Proofing emails is never a mistake

Have you ever received an email from a friend, colleague or even your boss that was filled with poor grammar and spelling mistakes? I have, and it certainly makes it hard to work out the sender’s intent when you’re so distracted by there . . . they’re . . . their poor grammar.

The power of words can’t be underestimated.

They have the power to influence people, attract new clients and are generally a great way to communicate our thoughts and ideas.

Businesses often spend a lot of money on marketing and corporate branding, but if you or your staff are sloppy in correspondence with the outside world, this good work can all be undone.

Social media has many common terms abbreviated (btw and ttyl), but you can’t assume the person receiving it in a business sense knows what you’re talking about.

Thanks to technology, we have been blessed with auto-correction and spell-check.

However, we can’t always rely on this.

If you’re sending an email and representing your business, you really need to proof read it before you hit send.

Here is why it’s important to use correct spelling and grammar when drafting an email:

The first impression is the last impression. Communication can’t be taken for granted in the corporate world.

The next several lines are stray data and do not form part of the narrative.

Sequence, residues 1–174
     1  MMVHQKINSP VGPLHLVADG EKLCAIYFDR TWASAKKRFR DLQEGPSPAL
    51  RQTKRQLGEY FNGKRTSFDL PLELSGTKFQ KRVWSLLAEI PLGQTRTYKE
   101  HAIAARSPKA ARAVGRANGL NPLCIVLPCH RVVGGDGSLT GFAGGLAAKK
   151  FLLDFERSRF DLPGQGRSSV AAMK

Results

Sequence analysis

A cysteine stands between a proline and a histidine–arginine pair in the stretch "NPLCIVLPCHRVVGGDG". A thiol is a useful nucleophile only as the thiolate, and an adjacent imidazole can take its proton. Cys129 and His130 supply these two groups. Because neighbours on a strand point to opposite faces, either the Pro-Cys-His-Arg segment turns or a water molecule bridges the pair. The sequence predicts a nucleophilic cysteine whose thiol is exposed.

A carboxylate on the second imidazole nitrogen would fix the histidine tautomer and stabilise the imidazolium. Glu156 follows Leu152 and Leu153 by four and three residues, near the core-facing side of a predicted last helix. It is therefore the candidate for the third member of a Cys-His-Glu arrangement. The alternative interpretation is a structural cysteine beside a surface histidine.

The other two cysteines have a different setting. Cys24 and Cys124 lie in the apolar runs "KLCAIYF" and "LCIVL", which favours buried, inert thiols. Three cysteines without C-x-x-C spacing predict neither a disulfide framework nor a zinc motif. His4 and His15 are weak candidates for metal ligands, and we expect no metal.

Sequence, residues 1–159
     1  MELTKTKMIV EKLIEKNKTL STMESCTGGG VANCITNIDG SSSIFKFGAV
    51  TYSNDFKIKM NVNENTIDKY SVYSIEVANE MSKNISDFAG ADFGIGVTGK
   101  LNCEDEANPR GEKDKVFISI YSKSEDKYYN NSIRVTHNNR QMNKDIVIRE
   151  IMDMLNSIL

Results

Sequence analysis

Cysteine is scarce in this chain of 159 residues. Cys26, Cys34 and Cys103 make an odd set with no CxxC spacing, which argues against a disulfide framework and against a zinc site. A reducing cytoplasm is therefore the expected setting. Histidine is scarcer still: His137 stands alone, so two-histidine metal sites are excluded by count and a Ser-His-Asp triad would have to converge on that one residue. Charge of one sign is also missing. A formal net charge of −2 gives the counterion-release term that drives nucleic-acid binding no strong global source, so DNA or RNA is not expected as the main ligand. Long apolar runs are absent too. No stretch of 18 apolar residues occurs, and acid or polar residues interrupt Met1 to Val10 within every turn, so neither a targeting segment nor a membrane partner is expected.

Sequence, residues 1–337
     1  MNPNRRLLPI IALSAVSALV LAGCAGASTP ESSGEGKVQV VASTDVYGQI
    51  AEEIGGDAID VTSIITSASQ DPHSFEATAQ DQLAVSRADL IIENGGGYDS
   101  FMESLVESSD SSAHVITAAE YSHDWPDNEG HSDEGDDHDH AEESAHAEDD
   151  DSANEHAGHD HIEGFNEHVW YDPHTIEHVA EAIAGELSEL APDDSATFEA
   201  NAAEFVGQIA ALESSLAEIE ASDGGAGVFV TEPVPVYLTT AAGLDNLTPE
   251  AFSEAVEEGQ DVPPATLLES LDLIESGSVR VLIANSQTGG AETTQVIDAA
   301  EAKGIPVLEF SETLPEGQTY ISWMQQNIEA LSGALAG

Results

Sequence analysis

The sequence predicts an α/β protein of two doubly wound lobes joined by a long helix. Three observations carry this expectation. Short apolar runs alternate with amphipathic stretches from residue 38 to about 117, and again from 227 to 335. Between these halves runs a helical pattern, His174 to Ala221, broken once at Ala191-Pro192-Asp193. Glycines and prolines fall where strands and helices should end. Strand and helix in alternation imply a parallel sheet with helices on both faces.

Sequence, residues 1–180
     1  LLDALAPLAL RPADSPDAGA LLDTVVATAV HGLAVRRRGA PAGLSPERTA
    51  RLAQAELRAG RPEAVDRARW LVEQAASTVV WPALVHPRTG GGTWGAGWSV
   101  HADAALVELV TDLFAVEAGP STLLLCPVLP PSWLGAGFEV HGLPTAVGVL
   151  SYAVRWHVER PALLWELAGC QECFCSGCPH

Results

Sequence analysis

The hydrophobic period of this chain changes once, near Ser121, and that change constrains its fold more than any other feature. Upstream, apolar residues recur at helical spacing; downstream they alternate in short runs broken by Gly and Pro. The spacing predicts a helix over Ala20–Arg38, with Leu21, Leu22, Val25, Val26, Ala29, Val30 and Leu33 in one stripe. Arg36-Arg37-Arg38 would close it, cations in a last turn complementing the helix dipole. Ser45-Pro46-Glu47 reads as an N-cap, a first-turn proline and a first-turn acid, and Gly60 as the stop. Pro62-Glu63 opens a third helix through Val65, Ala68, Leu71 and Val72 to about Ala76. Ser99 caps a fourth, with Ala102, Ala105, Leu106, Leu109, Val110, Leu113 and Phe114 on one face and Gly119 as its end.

It avoids miscommunication. Make sure you cross-check every letter, email, or any other form of communication you make, with your colleagues or a trusted friend. Poor grammar can misrepresent the information you are trying to convey to your client or staff.

It can affect your business. Future customers/clients may hesitate to do business if they find spelling mistakes or see other errors. It’s a turn off. Perception is reality and you don’t want to lose credibility or come across as unprofessional.

Establish a good rapport. Most of the time, business communication is conducted by email. Your suppliers, staff and other business associates often go by the words that are written in a contract or email, so make sure every time you communicate with them, all the words make sense.

Spelling errors stand out like a sore thumb.

They can make readers cringe.

Don’t create any questions about you or your company’s competency or reliability.

By Jaimie Abbott first published on July 18, 2017